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Los Alamos County Council Candidates

Los Alamos County voters will elect four county councilors in Tuesday’s general elections. The top four vote-getters among eight candidates win seats. Here are the candidates.

DAVID IZRAELEVITZ

AGE: 58

PARTY: DEMOCRAT

EDUCATION: Ph.D. in Electrical Engineering and Computer Science from MIT

OCCUPATION: Retired research engineer at Los Alamos National Laboratory

RELEVANT EXPERIENCE: LA County Councilor last 7 years, Council Chair past two years; retired after a career as a Research Engineer and Program Manager at LANL; president, NM Municipal League; LA County Planning and Zoning Commissioner (2004-09); president and co-founder, Los Alamos Community Foundation.


HELEN M. MILENSKI

AGE: 44

PARTY: LIBERTARIAN

EDUCATION: Associate of Science in Pre-Engineering from the University of New Mexico

OCCUPATION: Research Technician with the Los Alamos National Laboratory

RELEVANT EXPERIENCE: I’ve gained leadership experience from forming and organizing various community groups focused on Los Alamos County issues, as well as in my role as Vice Chair of the Libertarian Party of New Mexico. However, I find my most important qualification is considering Los Alamos my home. We fight for what we love.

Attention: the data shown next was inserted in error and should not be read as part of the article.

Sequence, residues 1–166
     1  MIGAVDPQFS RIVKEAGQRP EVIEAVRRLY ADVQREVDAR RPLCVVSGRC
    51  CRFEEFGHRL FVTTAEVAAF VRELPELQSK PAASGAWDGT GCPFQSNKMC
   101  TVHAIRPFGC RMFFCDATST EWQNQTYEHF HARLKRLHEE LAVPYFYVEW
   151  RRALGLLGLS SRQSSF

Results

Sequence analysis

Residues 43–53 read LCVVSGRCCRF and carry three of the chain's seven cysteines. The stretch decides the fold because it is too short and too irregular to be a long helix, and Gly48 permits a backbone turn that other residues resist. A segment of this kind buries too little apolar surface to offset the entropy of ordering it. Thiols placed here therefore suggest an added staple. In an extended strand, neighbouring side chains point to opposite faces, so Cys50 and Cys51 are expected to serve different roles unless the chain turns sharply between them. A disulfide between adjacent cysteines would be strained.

RANDALL RYTI

AGE: 60

PARTY:

EDUCATION: B.A. Biology, UCLA; Ph.D. Biology, UC San Diego

OCCUPATION: Retired environmental scientist and business owner, currently an independent consultant

RELEVANT EXPERIENCE: Neptune and Company, Inc. co-founder; Pajarito Environmental Education Center (PEEC) Board, 6 years; Transportation Board, 4 years; Los Alamos County District Science Fair, volunteer, 13 years; Graduate of Leadership Los Alamos.


SARA SCOTT

AGE: 59

PARTY: DEMOCRAT

EDUCATION: B.S. Chemistry; Ph.D. Inorganic Chemistry; NATO National Science Foundation Postdoctoral Fellow; Los Alamos National Laboratory Postdoctoral Fellow.

OCCUPATION: Retired/consultant

RELEVANT EXPERIENCE: Perspective of a 30-year Los Alamos County resident. Leadership experience from my roles as scientist, Division Leader and Program Director at Los Alamos National Laboratory – responsibilities included budgets of more than $100M/year, over 400 staff, diverse facility operations, strategic planning and implementation, and constructive engagement with federal program leaders.


JAMES ROBINSON

AGE: 29

PARTY: DEMOCRAT

EDUCATION: Bachelor’s of Business Administration: Operations Management

OCCUPATION: Los Alamos National Laboratory